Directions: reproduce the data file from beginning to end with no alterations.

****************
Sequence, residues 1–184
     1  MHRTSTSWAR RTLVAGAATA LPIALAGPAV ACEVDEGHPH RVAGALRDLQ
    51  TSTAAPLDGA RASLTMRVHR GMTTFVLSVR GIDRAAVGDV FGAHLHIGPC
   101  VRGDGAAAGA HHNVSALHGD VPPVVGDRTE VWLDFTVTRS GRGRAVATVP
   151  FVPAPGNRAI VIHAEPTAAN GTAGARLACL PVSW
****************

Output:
Sequence, residues 1–184
     1  MHRTSTSWAR RTLVAGAATA LPIALAGPAV ACEVDEGHPH RVAGALRDLQ
    51  TSTAAPLDGA RASLTMRVHR GMTTFVLSVR GIDRAAVGDV FGAHLHIGPC
   101  VRGDGAAAGA HHNVSALHGD VPPVVGDRTE VWLDFTVTRS GRGRAVATVP
   151  FVPAPGNRAI VIHAEPTAAN GTAGARLACL PVSW